The Time Table:

Screenshot from 2014-05-14 13:23:10

Meanwhile, the FBI put out this BOLO on the intelIRS.exe back in December and listed at least “one” company being attacked with it. Since I got this I have talked to DIB people and yes, some saw the activity back in December and generally it was a blip on the radar and that was all. It was not a huge campaign and in the end it did not exfil a lot of data to the adversaries involved. Now if in fact these are the same actors here then either they re-packed their malware and tried again with DIB or FireEye is just catching on to this.. Or maybe they just wanted to let this out now in a lull period on their marketing management calendar… Overall I think that this is much ado about nothing and that this is old news but hey who am I anyway? I’m just the janitor really.

The Players:

Now we get to the interesting bits that FireEye failed to give in their report. They did go as far as looking at who owned domains historically and looked for some ID’s on popular sites but that’s about where they left off. Perhaps they went further and are not reporting it but I am going to right here for you all. The two major players, if the domains were in fact still controlled by them and were behind this phish campaign are  Keyvan Fayaz and Ali Ali Pur (Ali Alipur) Keyvan aka HURR!C4NE! and Ali aka Cair3x are both player from the early days of the Ajax Security Team of defacers and skidz.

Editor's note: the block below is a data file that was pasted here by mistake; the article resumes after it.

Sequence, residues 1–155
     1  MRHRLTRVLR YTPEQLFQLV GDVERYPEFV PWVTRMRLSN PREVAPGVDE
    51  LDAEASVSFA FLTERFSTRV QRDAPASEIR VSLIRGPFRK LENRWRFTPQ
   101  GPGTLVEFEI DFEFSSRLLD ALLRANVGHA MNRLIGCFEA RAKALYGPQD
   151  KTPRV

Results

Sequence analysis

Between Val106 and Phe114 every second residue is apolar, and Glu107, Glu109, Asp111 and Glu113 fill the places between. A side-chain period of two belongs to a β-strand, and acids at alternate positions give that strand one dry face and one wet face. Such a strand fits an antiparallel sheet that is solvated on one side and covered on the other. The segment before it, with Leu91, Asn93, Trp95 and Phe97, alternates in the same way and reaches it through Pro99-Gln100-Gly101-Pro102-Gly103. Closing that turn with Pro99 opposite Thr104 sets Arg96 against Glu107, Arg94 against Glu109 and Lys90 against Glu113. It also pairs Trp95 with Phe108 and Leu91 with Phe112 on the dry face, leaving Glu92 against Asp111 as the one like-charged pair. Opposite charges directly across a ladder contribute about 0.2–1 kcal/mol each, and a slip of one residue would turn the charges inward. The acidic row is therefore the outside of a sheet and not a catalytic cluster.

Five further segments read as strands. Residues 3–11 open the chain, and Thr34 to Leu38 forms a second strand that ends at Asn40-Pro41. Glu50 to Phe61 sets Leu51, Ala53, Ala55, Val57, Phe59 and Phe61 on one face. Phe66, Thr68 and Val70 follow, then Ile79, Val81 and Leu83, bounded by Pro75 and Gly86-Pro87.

As you can see from the data below, their email trails betrayed them eventually through re-use and I got their names. Of course overall these guys are not ninja’s really so it wasn’t all that hard to follow the Google trails to their real identities. In fact Ali is well known by his real name (as seen in a report from the ICT org) Keyvan goes by HURR!C4NE! or bl4ck.k3yv4n and eventually used his real name on a site that he had created early on with the K3yv4n moniker. What interested me further was that Keyvan also is connected with Soroush Dalili who is on LinkedIN as a pentester today. It seems they worked together back in the day finding vulns and publishing them. One has to wonder now if you would want to hire Soroush in any way since he had all this connection to the Ajax Team as recently as 2011.